Secretary Rokita Elected to National Leadership Position on Executive Board of Election Standards Group
Contact: Heather Willis
Washington, D.C. - Indiana Secretary of State Todd Rokita was elected yesterday to serve on the national nine-member Executive Board of the Federal Election Assistance Commission (EAC) Standards Board. The Standards Board, created by the Help America Vote Act of 2002 (HAVA), is a bi-partisan 110-member group composed of state and local election officials from around the country. Secretary Rokita serves along with Democratic LaPorte County Circuit Court Clerk Lynne Spevak as Indiana’s two members to the EAC Standards Board.
The Standards Board is charged with assisting the Election Assistance Commission in reviewing voting systems guidelines and best practices recommendations for facilitating military and overseas voting. The nine-member Executive Board is composed of five state election officials and five local election officials from around the country.
“I am honored to be elected by fellow election officials to serve in this leadership capacity, and I look forward to continuing to work with election officials from around the nation to address important election reform issues. Indiana continues to be an example for the nation, from our Military and Overseas Voter Guide to our accessibility surveys in 2004, both of which received national attention,” said Rokita. “I look forward to the opportunity for sharing Indiana’s successes with the rest of the country and continuing to improve elections here at home.”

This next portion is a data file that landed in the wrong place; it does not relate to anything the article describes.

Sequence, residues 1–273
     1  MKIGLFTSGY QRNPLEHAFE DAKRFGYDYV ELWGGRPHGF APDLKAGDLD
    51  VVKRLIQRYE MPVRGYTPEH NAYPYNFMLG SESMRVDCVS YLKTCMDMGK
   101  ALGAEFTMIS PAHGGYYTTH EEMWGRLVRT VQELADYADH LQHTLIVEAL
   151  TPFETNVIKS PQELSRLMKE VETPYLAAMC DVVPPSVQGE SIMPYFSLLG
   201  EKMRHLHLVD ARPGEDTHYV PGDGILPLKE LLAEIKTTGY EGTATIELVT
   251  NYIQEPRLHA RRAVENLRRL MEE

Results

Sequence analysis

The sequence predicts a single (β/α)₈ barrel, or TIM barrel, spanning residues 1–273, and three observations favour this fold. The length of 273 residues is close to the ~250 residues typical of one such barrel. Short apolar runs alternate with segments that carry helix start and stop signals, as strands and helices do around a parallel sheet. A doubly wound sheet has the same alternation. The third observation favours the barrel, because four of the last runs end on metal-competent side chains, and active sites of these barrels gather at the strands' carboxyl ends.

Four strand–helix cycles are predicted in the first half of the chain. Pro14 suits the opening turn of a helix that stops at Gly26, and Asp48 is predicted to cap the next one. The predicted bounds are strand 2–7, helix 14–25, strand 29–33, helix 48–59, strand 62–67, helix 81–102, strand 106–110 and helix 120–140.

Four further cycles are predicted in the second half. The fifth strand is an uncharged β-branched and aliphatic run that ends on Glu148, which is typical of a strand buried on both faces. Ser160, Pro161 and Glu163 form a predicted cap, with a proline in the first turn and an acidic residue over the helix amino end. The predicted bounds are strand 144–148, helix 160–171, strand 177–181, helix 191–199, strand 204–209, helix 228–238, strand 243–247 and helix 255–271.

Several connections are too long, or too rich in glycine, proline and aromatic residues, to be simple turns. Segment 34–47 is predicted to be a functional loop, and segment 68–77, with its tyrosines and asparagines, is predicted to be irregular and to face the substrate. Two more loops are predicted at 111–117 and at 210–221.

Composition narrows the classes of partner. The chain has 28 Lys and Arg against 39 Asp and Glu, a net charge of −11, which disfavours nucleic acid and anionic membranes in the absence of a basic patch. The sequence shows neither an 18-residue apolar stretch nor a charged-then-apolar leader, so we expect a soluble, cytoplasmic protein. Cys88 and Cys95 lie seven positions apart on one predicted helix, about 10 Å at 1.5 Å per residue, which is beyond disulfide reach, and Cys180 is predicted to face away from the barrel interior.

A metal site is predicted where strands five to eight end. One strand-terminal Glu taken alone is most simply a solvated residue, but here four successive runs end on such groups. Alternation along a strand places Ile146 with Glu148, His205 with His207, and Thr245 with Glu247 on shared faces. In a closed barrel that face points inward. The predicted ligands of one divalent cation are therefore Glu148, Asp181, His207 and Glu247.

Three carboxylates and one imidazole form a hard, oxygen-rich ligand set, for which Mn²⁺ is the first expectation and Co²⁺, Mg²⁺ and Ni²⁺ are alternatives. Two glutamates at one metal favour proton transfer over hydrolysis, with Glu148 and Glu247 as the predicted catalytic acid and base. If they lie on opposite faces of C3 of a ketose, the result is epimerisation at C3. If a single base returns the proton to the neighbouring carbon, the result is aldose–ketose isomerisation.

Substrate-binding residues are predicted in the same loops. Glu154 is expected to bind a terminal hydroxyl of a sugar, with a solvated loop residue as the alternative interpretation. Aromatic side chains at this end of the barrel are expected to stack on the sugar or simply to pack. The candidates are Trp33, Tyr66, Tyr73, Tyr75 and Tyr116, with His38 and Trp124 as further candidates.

HAVA requires, among other things, the replacement of all punch card and lever voting machines, the creation of one single, statewide voter registration system, and the provision of polling places that are accessible to the disabled, including at least one disabled accessible voting machine in each polling place by 2006. In addition, it further attempts to facilitate voting for military and overseas voters, who face additional obstacles to voting.
The Indiana Secretary of State’s Office has distributed to date approximately $17 million in voting systems reimbursements to Indiana counties for replacing outdated voting equipment. Indiana has recently received recognition for developing an extensive Military and Overseas Voter Guide, which was named as a best practice by both the Federal Voting Assistance Program and the Election Assistance Commission. To help county officials provide accessible polling places, the Secretary of State’s office, in conjunction with the Governor’s Planning Council for People with Disabilities, conducted a survey of all polling places in the state during the 2004 elections and provided the resulting information to the counties, a process which also received national attention.